When I tell people  that our distillery produces SLOE GIN the next question is most often; What's that?" In short Sloe Gin can be summed up as  - a triumph of ingenuity, and a forgotten cocktail classic that deserves to be rediscovered. But first things first - Just what is a Sloe"? The sloe is the tiny blue-purple fruit of the Blackthorn Tree (ok, the serious scientific bit - Prunus spinosa) and is closely related to the damson and cherry.

A Sloe is very astringent and with only a couple of mm of flesh around the seed. When SLOE Gin was first made is still a mystery but it appears to have become popular following the passing of the Inclosure Acts in the U.K. in the 16th and 17th centuries. These Acts saw huge areas of what had previously been considered common land “enclosed” thereby creating legal property rights to wealthy landowners. This “enclosing” was largely achieved using blackthorn as a hedge plant due to its vigorous growth and long, sharp thorns.  Those vicious thorns were good (and still are) at keeping stock in and people out! More Blackthorn meant more sloes, and those enterprising country folk who wasted little but who knew the sloe was too bitter to eat, determined the only solution was to soak it in alcohol and sugar.  As the drink of the time was gin the Sloe Gin came into being.  Thankfully the early colonists in Tasmania also wanted to enclose their farms and had Blackthorn sent out which they duly planted into hedgerows like the ones back in the Mother Country. These old trees now provide the Nonesuch Distillery with the unique ingredient to make our Tasmanian Sloe Gin.  As far as we know Blackthorn does not grow in any quantity anywhere else in Australia. Because the Blackthorn is not generally cultivated the supply of sloes is always limited. The sloes are at their best after they have been subjected to a frost.  So while most Tasmanians are not looking forward to those bone-chilling mornings we get pretty excited about the coming days of picking this astringent treasure. The sloes delivered to us are then sorted and any leaves, stalks or loitering insects are removed along with any less than perfect Sloes. The fruit is then rinsed and allowed to dry before being added to our specially created gin. Nonesuch Sloe Gin is made in the way the cottage folk made it centuries ago.  In small batches that allow us to gently agitate the sloes in the gin to ensure a gradual release of juice and colour.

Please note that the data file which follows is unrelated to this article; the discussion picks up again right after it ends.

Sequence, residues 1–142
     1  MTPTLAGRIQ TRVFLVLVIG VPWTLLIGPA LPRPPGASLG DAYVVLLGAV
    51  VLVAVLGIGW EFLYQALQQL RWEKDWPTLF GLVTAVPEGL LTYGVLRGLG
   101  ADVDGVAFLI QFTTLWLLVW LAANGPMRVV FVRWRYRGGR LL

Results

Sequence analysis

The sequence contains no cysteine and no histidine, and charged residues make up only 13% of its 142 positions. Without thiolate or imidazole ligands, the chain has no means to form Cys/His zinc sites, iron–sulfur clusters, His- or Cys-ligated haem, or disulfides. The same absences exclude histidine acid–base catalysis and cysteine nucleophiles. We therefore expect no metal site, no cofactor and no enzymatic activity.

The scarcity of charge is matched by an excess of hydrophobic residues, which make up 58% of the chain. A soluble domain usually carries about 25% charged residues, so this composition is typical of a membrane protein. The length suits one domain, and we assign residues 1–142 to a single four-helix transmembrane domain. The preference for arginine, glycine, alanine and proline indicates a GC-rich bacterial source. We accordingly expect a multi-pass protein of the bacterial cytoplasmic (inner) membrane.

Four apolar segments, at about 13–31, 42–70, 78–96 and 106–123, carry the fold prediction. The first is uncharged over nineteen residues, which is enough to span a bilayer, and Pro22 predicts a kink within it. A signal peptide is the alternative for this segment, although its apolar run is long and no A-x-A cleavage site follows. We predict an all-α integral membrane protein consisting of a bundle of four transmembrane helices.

Sloe Gin of quality is not quick to make and Nonesuch Distillery is where time is allowed to work its magic.  We bottle our Sloe Gin according to nature’s dictate and not that of the clock or bean-counters. It will be bottled when it is ready (colour, taste, aroma are all in balance) and not before. 

It is a drink for the lucky few.  Because of the rarity of Sloes only around 3,000 bottles can be produced in any year. A recent review of our Sloe Gin –

Nose + Appearance: It has a bright ruby colour, with an appealing hint of maraschino cherry on the nose that lingers well.

Tasting (slightly chilled served neat): the flavours are very forward on the palette, not overly sweet with a quite clean + dry finish. Not a rich liqueur experience such as you get from a fortified spirit, rather this is one of complex spices, with yes, blackberry and sour cherries notes in a spirit that isn’t heavy.

It’s not like a Kirsch liqueur if that’s what you’re thinking, it’s much more lighter and delicate than that without the alcoholic kick.

The Take Home
A delicious and well crafted debut gin from one of our newest distilleries.

Read the whole review here

August 10, 2015 — Rex Burdon
Tags: Gin Sloe Gin

Leave a comment

Please note: comments must be approved before they are published.